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Traditional Egyptian Folk Music and the 25 January Revolution: The Tie That Binds

Bedouins from North Sinai dance and sing traditional songs in Tahrir Square during the anti-government demonstrations in January (Photo: Ahram Online)

In the wake of the 25 January revolution in Egypt, reached out to the El Mastaba Center for Egyptian Folk Music to find out what role the traditional folk artists of Egypt had played in inspiring and entertaining the protesters as they continued demonstrating against the regime of President Hosni Mubarak, eventually driving him from power. The mainstream media in the United States made frequent references to the protesters being energized by rap and hip-hop, but we stumbled across a video of the popular traditional Egyptian folk group El Tanbura drawing a large crowd to its performance in Tahrir Square, and wondered if there was more going on with traditional music’s relation to the protests than was being reported Stateside. The El Tanbura video is below. Seeing is believing.

El Tanbura of Port Said performing in Tahrir Square on January 25 as the Egyptian protests against President Mubarak’s regime gathered momentum

Kristina Nelson from the El Mastaba Center for Egyptian Folk Music posted the following communiqué online regarding the Center’s role in the demonstrations in Tahrir Square.

"We are at the beginning of a new day in the history of Egypt in which every Egyptian can now claim justice, respect, not on the bases of wealth or power, but on their membership in the human community. This new day offers unprecedented opportunities for free expression, innovation and experimentation and the role of creative expression as a model for social change can now be realized.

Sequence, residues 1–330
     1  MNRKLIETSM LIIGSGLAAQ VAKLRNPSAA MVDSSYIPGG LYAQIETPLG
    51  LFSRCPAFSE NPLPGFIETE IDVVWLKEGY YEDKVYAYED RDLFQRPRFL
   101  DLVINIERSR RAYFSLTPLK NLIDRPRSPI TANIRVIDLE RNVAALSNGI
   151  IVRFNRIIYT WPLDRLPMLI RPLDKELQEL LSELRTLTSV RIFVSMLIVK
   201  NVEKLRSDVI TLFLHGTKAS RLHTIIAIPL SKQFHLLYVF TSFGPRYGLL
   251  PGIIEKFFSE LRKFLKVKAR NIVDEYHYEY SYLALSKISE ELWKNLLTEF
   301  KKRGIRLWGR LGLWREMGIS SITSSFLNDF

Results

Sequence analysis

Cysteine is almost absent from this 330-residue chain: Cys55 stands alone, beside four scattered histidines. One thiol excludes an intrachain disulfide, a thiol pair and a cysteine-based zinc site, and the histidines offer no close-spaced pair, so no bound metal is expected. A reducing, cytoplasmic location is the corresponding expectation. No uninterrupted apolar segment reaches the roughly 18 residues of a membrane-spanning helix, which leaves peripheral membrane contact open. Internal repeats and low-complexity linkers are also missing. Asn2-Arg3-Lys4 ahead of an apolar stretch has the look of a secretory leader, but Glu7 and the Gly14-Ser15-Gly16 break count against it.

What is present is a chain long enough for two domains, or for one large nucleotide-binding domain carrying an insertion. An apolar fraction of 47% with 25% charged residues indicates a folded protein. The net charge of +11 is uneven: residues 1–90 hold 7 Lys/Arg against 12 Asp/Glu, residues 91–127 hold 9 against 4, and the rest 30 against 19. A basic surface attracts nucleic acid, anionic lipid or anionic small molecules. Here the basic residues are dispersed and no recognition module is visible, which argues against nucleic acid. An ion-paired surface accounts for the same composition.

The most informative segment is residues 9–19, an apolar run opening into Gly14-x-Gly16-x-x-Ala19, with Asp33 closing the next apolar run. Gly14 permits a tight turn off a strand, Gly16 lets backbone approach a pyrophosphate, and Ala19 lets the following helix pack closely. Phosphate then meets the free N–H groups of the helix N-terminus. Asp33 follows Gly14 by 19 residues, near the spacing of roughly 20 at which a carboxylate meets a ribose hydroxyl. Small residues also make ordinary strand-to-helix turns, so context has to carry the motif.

"In 2000, Zakareya Ibrahim established El Mastaba Center for Egyptian Folk Music. The Center builds on his own efforts of several decades to rescue the heritage of Egyptian folk music, bringing it back to its previous glory and recapturing the major role it had always played in the daily life of Egyptians. The Center also works to raise the status of the traditional musician whose music and creativity have been marginalized and compromised by state and tourism agendas.

"Historically, Egyptian folk music came from the people and reflected the every-day life of the Egyptians. It shared with those people their joy and pain, their victories and defeats and was always a mirror of all the major happenings in Egypt. Today El Mastaba follows this same road as it works on renewing the national memory and emphasizing the idea of belonging and works to recapture the roots of the Egyptian character, all of which come to life through the folk music.

El Tanbura, ‘Shoft Toshy,’ from the group’s 2008 Between The Desert and The Sea album. El Tanbura is a collective of veteran Egyptian master musicians, singers, fishermen and philosophers. For the past 20 years they've been custodians to some of Egypt's oldest folk melodies at their home in Port Said, the Mediterranean gateway to the Suez Canal. Their music is driven by the seductive call of the Simsimiyya--an ancient lyre dating back to the times of the Pharaohs.

"For these reasons, El Mastaba played an active role in the Egyptian Revolution, bringing the groups under its umbrella to Tahrir Square to share their music in five evening concerts on the stages built in the square. The three bands that participated in the concerts were all chosen from the Suez Canal area, as their music has always been a symbol for peoples' resistance. El Mastaba presented the 'Hinna' band from Suez, 'El Waziry' band from Ismailia and the famous 'El Tanbura' from Port Said.

"We also propose that all civil organizations working in art and culture meet and start a dialogue on the new opportunities open to cultural work under the new realities of freedom of speech. As organizations and individuals working in the field of culture, we should now work together for a new future for our country, one that we create ourselves and that is not imposed on us.

"We invite you to join us as we celebrate this new beginning and continue this journey together."

Demonstrators stage a candlelight vigil in Tahrir Square for those protesters killed during the 25 January revolution. (Photo: Ahram Online)

And from the El Mastaba Center for Egyptian Folk Music, founder Zakareya Ibrahim sent the following statement: